Suppose that in my solidity contract, I need to see the price of ETH in terms of USD at a specific time, say on January 1, 2021. I would like to use the Historical Price Data Feed from chainlink (URL below). I imagine that to achieve this, I would have to pass the roundId as a parameter when calling the outermost function, so that the contract can verify that this roundId indeed gives the price corresponding to the timestamp of January 1, 2021. I am happy with this construction. However, I do not entirely understand the data given back. How do I verify that the roundId indeed corresponds to the timestamp of interest?

URL to the documentation: https://docs.chain.link/docs/historical-price-data/


function latestRoundData() external view 
    returns (
        uint80 roundId, 
        int256 answer, 
        uint256 startedAt, 
        uint256 updatedAt, 
        uint80 answeredInRound

Chainlink explanation with these return arguments:

  • roundId: The round ID.
  • answer: The price.
  • startedAt: Timestamp of when the round started.
  • updatedAt: Timestamp of when the round was updated.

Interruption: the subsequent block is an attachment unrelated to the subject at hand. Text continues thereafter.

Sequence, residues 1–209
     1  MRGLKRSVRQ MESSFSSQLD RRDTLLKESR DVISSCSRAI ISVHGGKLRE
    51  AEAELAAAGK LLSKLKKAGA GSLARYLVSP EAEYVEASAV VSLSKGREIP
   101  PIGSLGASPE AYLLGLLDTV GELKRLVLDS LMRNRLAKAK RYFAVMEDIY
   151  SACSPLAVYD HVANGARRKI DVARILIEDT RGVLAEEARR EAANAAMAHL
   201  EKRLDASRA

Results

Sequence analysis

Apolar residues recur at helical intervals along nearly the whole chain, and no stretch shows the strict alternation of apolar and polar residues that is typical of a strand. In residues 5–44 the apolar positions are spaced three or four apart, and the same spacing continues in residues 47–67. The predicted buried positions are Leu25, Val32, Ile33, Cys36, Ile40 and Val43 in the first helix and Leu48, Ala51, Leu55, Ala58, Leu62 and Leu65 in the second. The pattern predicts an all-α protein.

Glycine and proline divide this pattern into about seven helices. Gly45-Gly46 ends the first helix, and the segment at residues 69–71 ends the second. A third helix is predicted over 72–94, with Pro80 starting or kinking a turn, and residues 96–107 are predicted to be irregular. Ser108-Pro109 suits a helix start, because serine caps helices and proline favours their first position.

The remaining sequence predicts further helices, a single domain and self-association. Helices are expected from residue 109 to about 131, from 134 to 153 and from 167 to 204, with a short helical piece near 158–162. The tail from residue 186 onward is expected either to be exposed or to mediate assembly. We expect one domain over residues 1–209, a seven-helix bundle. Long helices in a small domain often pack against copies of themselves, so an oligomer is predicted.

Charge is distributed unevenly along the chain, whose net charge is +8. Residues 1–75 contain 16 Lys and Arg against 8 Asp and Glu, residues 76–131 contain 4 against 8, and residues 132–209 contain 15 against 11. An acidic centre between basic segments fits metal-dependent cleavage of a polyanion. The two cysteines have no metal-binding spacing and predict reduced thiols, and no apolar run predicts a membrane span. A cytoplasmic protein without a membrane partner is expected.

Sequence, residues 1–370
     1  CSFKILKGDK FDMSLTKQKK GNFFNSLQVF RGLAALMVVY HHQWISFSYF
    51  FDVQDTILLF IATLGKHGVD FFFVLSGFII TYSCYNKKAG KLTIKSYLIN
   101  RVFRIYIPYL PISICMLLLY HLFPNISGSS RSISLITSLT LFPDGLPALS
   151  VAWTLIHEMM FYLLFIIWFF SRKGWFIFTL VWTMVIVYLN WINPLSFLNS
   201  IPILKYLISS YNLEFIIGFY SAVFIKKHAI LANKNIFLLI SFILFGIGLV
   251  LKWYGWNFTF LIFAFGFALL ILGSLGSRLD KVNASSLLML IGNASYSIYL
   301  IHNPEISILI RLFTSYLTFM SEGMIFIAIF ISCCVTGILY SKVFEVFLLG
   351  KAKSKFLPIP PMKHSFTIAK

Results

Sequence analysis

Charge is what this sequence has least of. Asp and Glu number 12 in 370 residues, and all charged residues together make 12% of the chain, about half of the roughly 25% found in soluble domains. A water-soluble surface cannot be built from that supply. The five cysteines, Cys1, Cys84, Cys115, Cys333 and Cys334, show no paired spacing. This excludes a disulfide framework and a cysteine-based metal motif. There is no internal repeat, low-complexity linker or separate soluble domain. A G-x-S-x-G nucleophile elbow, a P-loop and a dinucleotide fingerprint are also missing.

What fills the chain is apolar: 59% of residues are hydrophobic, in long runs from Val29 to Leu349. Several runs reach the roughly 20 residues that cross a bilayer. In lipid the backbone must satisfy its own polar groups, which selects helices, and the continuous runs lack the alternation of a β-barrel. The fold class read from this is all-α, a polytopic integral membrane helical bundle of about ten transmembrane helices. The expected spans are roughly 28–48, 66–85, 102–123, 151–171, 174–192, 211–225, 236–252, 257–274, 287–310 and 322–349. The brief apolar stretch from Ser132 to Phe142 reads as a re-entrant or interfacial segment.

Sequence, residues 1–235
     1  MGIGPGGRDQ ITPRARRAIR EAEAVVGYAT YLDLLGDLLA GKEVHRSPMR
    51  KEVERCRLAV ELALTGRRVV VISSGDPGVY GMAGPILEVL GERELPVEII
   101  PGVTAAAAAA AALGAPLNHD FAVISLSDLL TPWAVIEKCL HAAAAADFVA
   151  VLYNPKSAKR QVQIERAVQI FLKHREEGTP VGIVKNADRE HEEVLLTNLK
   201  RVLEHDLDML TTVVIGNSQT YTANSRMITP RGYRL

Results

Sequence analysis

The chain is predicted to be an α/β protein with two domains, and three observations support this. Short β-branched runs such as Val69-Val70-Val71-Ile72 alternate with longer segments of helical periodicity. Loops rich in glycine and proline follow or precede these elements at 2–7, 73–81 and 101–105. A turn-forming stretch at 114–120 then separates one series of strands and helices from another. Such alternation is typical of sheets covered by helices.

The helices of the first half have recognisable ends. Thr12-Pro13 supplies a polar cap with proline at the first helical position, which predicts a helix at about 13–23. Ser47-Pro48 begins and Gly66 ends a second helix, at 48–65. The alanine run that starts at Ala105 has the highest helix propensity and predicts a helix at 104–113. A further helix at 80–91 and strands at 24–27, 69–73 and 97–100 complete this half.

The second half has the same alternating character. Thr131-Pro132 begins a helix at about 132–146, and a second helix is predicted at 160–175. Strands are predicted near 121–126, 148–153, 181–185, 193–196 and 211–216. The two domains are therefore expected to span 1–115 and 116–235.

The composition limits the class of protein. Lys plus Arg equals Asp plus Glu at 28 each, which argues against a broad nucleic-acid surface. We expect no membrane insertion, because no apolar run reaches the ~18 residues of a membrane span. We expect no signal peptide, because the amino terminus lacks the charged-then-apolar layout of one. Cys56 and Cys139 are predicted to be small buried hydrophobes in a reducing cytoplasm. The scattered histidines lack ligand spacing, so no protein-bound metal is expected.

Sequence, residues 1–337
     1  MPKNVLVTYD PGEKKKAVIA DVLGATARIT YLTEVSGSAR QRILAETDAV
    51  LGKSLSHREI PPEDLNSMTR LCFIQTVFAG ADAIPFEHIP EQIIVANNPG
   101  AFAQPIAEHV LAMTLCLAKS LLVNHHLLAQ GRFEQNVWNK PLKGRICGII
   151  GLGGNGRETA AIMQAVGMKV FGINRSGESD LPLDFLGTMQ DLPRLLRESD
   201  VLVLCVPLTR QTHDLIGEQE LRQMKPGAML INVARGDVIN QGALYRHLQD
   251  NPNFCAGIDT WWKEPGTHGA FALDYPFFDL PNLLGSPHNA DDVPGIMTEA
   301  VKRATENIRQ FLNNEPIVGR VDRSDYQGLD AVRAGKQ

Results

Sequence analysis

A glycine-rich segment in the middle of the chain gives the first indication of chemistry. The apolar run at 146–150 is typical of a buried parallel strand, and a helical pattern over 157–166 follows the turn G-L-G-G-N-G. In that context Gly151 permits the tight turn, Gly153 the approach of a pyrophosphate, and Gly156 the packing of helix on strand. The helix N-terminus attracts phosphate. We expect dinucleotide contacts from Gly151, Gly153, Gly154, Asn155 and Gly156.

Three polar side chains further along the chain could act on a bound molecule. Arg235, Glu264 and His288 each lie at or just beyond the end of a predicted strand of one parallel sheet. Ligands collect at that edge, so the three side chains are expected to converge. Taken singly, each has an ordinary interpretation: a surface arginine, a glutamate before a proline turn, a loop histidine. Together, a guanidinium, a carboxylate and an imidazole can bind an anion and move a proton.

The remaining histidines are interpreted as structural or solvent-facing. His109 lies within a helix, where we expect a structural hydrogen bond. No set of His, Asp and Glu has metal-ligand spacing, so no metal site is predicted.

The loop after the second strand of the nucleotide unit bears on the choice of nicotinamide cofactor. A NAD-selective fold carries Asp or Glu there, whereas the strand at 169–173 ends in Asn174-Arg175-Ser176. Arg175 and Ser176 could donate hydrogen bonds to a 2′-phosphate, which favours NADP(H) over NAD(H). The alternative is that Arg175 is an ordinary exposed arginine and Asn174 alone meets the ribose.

• answeredInRound: The round ID of the round in which the answer was computed.

The startedAt and updatedAt values returned will give the time (unix epoch) that the round was started and submitted. You can compare this to your 'Jan 1 2021' value

  • Ok, so how can I verify that a roundId corresponds to the given timestamp? Also, how do I find the correct roundId off-chain? Jul 8 at 11:13
  • Obviously it is very unlikely that a roundId timestamp corresponds exactly to the date of interest... Jul 8 at 11:14
  • it's hard to find the roundId that corresponds to a given timestamp unless you do a lot of iterating off chain. But unfortunately the way the data is stored on-chain, it's not easy to just plug in a date/time and get a price back. There should be a blog post coming out in the next few weeks that addresses how to solve this exact issue. Jul 29 at 2:30
  • Thanks a lot for taking the time to respond. In fact, we would be happy with an off-chain solution such as the one you describe. How would this work exactly? How can we find the correct roundId corresponding to a timestamp, and how can we verify correctness on-chain? Jul 30 at 11:45
  • I'll be working on exactly this later this week, I have a couple of rough ideas in my head, but don't want to respond unless I know they work. Will response back here once I've got a basic example working Aug 2 at 1:59

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